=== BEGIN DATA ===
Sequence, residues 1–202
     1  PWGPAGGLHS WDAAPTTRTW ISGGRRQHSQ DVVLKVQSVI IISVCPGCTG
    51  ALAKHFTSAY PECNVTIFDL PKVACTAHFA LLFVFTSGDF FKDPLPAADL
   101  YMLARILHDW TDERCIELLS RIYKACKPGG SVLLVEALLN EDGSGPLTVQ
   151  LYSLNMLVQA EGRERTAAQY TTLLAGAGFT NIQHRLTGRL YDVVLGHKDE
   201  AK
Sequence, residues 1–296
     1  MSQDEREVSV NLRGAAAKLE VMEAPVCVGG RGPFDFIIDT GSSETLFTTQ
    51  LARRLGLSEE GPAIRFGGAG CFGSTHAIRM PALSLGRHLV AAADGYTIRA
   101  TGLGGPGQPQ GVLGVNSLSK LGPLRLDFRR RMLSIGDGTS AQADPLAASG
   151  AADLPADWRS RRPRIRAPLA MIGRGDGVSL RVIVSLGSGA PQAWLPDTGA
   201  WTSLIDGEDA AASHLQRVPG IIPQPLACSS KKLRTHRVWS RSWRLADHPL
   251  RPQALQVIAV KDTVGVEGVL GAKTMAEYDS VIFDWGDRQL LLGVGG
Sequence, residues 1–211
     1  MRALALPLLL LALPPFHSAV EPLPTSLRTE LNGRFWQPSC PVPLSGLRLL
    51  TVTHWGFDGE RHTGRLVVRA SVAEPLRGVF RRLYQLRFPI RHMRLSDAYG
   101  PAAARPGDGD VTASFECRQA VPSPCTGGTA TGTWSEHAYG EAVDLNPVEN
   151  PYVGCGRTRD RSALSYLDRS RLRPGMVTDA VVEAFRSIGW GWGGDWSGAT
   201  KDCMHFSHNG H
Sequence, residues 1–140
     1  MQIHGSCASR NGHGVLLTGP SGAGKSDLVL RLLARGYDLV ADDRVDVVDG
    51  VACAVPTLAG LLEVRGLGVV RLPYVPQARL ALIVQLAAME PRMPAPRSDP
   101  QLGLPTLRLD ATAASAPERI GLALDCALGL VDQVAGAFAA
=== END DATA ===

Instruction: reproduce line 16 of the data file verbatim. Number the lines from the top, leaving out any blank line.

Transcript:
    51  TVTHWGFDGE RHTGRLVVRA SVAEPLRGVF RRLYQLRFPI RHMRLSDAYG